2) Give them what they want. Not what they don’t.
Just like gamers skip stories called “cutscenes,” users skip items they don’t want. Sometimes it’s not about making the content more efficient. Even if it’s a well scripted video or a short paragraph, if users don’t want it, it will be skipped. Just give users what they want - and offer optional learning for anyone who would like to go deeper.
3) We must accept that people are crazy.
We use our lizard brain to make decisions (there’s no way around it) so we need to plan for this. The book Predictably Irrational by Dan Ariely is a good start to understand people’s illogical nature. Side note: Ariely is from my hometown of Durham, NC and very nice!
4) Get comfortable with being (really) uncomfortable.
“Can we do more than just talk about actions?” Ria asked. She suggested that perhaps TurboTax could acknowledge the shame around money and empathize with customers' vulnerability as they do their taxes.
To this end, the software now asks customers how they feel about doing their taxes today and gives them some buttons to choose from. Depending on which button you select, an appropriate empathetic message is shown. This human touch is unexpected from tax software.
For each of their main points, the presenters gave terrific examples from both video games and “real life” to explain their learning. The result of their research and newfound knowledge is revamped content within the TurboTax product. The voice and tone are now more human and empathetic.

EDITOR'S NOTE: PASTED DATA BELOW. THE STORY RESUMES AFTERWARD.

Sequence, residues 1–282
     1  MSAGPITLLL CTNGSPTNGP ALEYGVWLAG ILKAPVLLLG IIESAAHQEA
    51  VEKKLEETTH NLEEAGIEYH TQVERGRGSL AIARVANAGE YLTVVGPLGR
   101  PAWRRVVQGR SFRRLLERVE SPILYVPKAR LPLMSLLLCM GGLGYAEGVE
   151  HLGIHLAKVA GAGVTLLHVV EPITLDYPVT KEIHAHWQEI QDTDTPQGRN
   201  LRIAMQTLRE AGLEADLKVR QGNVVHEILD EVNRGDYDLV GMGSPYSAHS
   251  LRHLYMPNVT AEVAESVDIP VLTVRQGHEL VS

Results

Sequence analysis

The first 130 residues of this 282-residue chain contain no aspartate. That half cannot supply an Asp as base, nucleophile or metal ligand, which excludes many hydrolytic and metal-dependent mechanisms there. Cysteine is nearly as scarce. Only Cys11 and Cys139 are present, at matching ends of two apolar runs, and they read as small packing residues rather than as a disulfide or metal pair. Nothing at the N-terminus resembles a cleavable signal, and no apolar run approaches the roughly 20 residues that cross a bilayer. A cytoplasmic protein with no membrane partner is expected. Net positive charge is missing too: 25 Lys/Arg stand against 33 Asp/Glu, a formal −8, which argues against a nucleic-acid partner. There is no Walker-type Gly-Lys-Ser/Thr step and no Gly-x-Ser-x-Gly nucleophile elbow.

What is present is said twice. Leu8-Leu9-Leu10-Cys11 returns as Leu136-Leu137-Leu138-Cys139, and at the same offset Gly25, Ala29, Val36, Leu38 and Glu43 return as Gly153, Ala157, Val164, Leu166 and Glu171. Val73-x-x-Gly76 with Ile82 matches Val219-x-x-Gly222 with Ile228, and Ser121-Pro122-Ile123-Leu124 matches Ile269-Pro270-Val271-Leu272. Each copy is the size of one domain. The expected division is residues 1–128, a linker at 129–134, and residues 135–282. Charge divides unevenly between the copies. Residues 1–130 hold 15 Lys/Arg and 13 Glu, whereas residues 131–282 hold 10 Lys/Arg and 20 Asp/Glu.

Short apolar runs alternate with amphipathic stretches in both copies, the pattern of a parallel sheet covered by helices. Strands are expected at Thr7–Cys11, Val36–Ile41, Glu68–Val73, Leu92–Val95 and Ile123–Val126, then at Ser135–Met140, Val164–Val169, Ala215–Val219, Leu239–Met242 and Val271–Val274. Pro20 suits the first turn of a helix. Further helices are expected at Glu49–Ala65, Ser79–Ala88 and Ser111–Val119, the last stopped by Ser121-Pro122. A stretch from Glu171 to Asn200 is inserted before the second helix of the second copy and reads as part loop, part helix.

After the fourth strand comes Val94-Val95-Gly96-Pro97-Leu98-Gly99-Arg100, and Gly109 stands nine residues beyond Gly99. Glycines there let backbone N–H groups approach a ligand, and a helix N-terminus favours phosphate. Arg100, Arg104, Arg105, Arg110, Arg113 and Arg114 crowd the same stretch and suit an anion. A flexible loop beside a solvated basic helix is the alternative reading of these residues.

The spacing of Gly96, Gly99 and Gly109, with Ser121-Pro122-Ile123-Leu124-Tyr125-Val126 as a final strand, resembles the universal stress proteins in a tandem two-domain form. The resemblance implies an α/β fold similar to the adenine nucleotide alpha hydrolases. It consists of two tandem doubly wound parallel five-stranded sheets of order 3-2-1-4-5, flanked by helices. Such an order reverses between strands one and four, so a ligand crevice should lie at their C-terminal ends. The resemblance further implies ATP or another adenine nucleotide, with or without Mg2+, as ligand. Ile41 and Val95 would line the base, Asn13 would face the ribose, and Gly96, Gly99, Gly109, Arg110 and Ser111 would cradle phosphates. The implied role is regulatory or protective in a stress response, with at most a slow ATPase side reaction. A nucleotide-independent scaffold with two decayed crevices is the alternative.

For example, the title “Education Expense” has become “Let’s get you some tax breaks if you went to school.” In time we will see the degree of success of these changes. But many of the folks in the room were Turbo Tax customers and seemed enthusiastic.
Despite rarely playing a video game in my life, I still found the presentation intriguing and may even considering switching to TurboTax to do my taxes. I heard authenticity and care for customers from both of the excellent Inuit presenters. Thanks, John and Rita!
And I’m going to pay attention to their lessons learned and see how they might apply to the content on my latest project, a website related to sanitation. This topic might typically be subject to the same low enthusiasm as taxes.
Can you apply any of these video game ideas to your business or projects? Do you think this could improve the UX for your customers and increase their emotional engagement?
If you have questions on the presentation or want to talk about one of these ideas, please get in touch with me.